As we say goodbye to Brave New World, it's time to pick ourselves up some other longer-term reads. Doctor J's reading plan suggests Robinson Crusoe, so we'll grab that, as well as the Pickwick Papers, another Dickens title that I've tried and failed to get my teeth into in the past. This means this is a great week for some of you to pick up a new book and read along with me.

Confessions of Augustine of Hippo
#gbww #autobiography #latin
Book XI - XII (28 pages)

We're into the home stretch with the Confessions, and I'm very glad of it. I've enjoyed the ride, particularly the more autobiographical chapters, but the roundabout philosophical exercises on the last couple of chapters have been particularly hard work, as Augustine isn't the kind of guy to come straight at a point if he can talk circles around it, and the antiquated translation that I'm using doesn't help (why is it that all the easily accessible English versions of the early church fathers haven't been updated from the King James version?).

Elements by Euclid
#gbww #mathematics #greek
Book IX (20 pages)

The last couple of chapters have definitely been ramping up to something. I hope that we find out what that something is here in Chapter IX and that it's ultimately rewarding, but I'm not going to be holding my breath.

The Oath of Hippocrates
#gbww #philosophy #greek #oneshot
(1 page)

I am pretty sure that I know nothing about the Hippocratic Oath except 'first do no harm'. Is that actually from the Hippocratic Oath? I guess we'll find out.

Les Miserables by Victor Hugo
#not_gbww #fiction #french
Book VIII (17 pages)

In the aftermath of the action of the courtroom, I think it's time for some good old-fashioned Valjean introspection, which is the sort of thing that Hugo does best. I've enjoyed the many things that have been left unsaid throughout Book VII, but I do look forward to seeing the battle between Jean's inner angels and demons laid out in front of us, so I hope that's what we've got coming.

The Pickwick Papers by Charles Dickens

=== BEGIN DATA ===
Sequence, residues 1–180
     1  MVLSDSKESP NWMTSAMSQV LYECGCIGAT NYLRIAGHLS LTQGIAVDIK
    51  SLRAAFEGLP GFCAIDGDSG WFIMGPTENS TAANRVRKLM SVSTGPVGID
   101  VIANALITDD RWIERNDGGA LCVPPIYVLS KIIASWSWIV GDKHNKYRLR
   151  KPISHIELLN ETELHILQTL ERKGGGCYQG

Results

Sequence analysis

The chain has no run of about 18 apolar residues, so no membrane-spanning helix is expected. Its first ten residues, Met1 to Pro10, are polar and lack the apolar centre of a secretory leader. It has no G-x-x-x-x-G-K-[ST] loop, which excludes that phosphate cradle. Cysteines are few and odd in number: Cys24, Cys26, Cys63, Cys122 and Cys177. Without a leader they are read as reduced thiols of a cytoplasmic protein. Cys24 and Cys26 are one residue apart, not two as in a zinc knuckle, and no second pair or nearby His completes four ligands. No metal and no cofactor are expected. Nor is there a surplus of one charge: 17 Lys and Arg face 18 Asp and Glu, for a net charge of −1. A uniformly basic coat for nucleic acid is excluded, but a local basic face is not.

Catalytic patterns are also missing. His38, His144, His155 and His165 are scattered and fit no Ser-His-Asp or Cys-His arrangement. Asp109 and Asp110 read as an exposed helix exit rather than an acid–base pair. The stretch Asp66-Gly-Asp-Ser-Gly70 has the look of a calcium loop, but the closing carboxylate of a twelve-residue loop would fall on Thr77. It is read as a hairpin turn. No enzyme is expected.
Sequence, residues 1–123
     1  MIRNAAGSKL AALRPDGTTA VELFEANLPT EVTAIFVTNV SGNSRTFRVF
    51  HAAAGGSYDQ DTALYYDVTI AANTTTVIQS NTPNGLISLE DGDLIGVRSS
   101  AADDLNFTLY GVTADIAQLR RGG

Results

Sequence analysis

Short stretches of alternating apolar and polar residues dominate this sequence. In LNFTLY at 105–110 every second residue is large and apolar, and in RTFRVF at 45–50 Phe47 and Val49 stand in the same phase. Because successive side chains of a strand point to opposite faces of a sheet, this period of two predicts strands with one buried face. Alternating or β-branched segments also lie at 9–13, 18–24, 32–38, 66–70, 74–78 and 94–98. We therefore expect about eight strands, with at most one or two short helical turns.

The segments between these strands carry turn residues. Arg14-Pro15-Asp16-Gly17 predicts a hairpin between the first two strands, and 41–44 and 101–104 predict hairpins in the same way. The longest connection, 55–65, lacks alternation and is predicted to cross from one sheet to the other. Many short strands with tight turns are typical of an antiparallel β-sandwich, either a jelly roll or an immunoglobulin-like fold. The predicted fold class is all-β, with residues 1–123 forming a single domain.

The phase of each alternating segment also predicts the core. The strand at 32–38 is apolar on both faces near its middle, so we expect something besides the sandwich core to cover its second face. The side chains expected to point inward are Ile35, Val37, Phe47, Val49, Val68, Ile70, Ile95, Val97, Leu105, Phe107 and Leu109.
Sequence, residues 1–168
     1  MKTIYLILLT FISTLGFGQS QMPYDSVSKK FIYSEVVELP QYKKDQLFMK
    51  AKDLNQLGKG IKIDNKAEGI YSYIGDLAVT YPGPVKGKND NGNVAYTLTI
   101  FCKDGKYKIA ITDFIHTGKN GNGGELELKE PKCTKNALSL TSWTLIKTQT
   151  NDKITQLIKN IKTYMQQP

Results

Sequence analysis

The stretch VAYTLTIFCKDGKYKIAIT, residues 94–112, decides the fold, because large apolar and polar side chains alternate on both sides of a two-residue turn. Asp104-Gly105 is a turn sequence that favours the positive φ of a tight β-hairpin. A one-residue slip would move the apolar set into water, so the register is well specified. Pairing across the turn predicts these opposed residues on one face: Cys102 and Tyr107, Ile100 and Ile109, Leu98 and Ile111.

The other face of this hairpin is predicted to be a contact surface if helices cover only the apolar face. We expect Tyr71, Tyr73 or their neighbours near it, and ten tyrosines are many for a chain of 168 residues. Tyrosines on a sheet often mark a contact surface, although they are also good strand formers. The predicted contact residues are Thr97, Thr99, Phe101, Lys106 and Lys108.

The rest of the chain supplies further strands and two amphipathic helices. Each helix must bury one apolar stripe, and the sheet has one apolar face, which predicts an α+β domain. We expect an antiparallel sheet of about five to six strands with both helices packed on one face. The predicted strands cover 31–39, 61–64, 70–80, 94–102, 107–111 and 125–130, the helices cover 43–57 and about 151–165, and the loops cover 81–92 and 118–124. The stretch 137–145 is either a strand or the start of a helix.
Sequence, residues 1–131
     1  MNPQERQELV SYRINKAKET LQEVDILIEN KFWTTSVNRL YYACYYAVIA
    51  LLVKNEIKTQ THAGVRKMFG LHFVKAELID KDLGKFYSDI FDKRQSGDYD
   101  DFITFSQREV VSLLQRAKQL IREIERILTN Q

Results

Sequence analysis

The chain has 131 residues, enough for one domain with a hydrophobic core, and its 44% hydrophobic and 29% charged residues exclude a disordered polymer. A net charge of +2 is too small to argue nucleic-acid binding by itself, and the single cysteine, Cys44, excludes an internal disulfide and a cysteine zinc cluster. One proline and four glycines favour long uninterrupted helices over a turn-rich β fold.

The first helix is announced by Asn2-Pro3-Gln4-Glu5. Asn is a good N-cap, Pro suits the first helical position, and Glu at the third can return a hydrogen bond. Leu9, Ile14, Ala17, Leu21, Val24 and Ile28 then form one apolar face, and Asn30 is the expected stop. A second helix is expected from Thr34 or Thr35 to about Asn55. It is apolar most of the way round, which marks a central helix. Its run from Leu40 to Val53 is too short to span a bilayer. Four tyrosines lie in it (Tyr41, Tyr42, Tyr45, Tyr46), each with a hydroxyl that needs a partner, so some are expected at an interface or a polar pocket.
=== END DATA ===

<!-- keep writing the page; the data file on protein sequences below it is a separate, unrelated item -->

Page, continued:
#not_gbww #fiction #english #new
Chapters I - II (27 pages)

I'm mostly picking up the Pickwick Papers just to frustrate Victor Hugo in his attempt to be the most-read author on my reading list, as he was due to overtake Dickens in the next couple of weeks. Starting Pickwick should delay him for a little while, at least. And I get to read more Dickens, which is always nice.

Robinson Crusoe by Daniel Defoe
#ggb #fiction #english #new
Chapters I - IV (32 pages)

I am relatively sure that I've actually read Crusoe before, at least in some kind of abridged children's book form, but I honestly remember very little about it, so I look forward to diving in. The equivalent of 32 GGWW pages is a pretty serious chunk to start with, so I hope I find Defoe's writing enjoyable or this already-bloated week of reading could turn out to be a bit more than I can handle.

Happy reading, everyone. Don't be scared to pick something and read along with me, I'd love to have someone to talk to about some of the readings. Or you could even pick up your keyboard and produce something cool for me to read this Blaugust yourself. Or if you're up for something that requires a little less effort, don't forget that there's 24 hours left to enter your answers for last week's history quiz.


Hans 'Pichy' Stockmann said...

"(why is it that all the easily accessible English versions of the early church fathers haven't been updated from the King James version?)."

Because it's the one true iteration of the Bible. This is undeniable fact because the word count is higher.

(I know someone who fervently sticks by this as his sole argument, completely blind to the source texts' Hebrew and Greek origins)

Thomas Diment said...

As a church secretary now, I get sent tracts claiming divine inspiration applies exclusively to the King James Version multiple times a year.